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One of the things that is interesting to me about this mind- brain problem is that,according to modern Physics,we are a sort of " a bundle of energy" (matter is actually energy).In Near Death Experiencies (NDEs) people report encounters with "beings of light". We can then rightly speculate that if eventually the mind and the brain were found to be ...


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The question that you are referring to is worded in a way that I think is leading to the confusion. The question in the title is "Can the mind affect the brain?" but in the question body the final question posed is "Does [a thought producing a tear] not contradict the (physical) law of cause and effect?". The answer is yes to the title question: the mind ...


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That the "mind itself is a physical entity",seems to be very controversial,to say the least.In this respect Henry Stapp (a physicist at Berkeley) was asked during a lecture "what is this " I " you are talking about".He answered:"It might be that at some point the mind will be found to be material,but so far there is no evidence whatsoever that that will be ...


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I disagree with @Josh (and all the other answers) that a materialist viewpoint is required to resolve this apparent contradiction. Firstly, we should not infer that the thought caused the tear. As an example, if I were to press the PrintScreen key on my keyboard, then a popup message would appear on my screen saying "printing to deskjet printer" and then ...


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I'm not sure about the trained part, but there have been cases where people have spontaneously shifted into a very enjoyable state of mind for a very long time, for example: Eckhart Tolle, who supposedly spent 2 years in utter bliss.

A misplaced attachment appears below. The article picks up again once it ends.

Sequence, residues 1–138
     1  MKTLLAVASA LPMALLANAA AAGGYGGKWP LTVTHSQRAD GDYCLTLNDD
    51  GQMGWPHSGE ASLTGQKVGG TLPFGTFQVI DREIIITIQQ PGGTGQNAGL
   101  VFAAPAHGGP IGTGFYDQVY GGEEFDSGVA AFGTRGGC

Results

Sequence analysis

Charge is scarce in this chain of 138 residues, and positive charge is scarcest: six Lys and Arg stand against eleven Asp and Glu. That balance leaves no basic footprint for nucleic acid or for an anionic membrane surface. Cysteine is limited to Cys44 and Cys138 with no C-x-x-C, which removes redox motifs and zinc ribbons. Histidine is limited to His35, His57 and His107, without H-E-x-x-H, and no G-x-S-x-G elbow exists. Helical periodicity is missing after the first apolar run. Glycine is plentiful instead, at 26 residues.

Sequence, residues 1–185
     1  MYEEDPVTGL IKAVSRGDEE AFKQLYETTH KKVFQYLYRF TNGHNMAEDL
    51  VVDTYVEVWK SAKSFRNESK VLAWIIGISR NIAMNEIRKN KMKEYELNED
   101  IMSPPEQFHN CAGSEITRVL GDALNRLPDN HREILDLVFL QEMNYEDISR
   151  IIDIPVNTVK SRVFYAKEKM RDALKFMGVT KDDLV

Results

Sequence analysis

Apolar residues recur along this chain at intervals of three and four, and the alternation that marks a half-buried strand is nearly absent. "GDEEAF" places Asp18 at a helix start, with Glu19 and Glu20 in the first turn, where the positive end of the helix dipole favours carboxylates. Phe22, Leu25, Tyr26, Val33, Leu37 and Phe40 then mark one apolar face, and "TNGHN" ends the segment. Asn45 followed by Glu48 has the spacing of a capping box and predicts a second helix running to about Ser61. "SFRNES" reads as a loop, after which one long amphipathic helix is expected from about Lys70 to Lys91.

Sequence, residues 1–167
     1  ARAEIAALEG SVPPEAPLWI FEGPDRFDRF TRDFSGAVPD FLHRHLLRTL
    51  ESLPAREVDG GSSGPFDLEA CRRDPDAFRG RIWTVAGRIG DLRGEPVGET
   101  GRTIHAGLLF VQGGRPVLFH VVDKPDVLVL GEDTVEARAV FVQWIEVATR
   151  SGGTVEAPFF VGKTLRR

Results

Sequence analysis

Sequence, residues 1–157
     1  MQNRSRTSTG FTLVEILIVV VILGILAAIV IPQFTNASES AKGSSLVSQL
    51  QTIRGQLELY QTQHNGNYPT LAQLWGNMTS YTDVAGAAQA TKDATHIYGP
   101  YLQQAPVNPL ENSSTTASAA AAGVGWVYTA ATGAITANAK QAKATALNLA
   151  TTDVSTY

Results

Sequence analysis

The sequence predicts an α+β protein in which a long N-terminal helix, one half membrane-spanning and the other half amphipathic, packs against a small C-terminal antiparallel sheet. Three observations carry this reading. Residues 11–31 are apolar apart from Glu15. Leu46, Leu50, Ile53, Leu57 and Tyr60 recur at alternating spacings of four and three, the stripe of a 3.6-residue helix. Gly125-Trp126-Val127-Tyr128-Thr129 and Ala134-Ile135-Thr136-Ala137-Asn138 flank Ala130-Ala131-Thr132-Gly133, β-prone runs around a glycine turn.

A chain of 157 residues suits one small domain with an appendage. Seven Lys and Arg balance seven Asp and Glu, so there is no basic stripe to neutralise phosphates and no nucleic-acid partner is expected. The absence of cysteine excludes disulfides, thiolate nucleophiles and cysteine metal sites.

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Close your eyes and imagine a lemon on a cutting board. Then imagine cutting it in half and visualize the two halves rocking back and forth as juice beads up on the surface of the lemon. Next, imagine cutting one of those halves into quarters and taking one of the quarterd up to your mouth as you bite deep into the flesh and wrap your lips around the peel ...


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Your line of reasoning seems to be that just thinking is not a physical action, a tear is a physical action, so just thinking cannot cause a tear. There is a lot of this naive materialism going on, even in the scientific circles, but this seems to be changing. There are so many things wrong with this argument. "Just thinking" is a very significant action, ...


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Regardless of which side of the materialism vs dualism debate you find yourself on, the result is the same. If the mind is "material" then there is no issue. If the mind is immaterial, then the mind is the same kind of thing as a running software program. In that case, it doesn't have a physical form, but affects the state of the device that is running it. ...


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The mind and cognitive processes are manifestations of physical processes in the brain, so there is no philosophical problem. Dualism loses out when you take into account biomedical reality, observation of the brain (fMRI), effect of physical drugs on the mental state and so on. The ultimate example of effect of mind on the structure of the brain is ...


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This would be analogous to a factory robot mounting a door on a car that is being built. There is no "physical" reason that the untrained eye can see, which compells the robot to do what it does. There is no visible system of weights and pulleys that moves the robot's arm. In fact all the instructions the robot needs to do its task are encoded on a chip as ...


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The short answer is no, this doesn't violate the law of cause and effect because the mind itself is a physical entity. Your thought experiment hinges on the debate of materialism (the mind is a physical thing) versus dualism (the mind is a different kind of thing than other physical things). Most cognitive scientists believe that materialism is the correct ...



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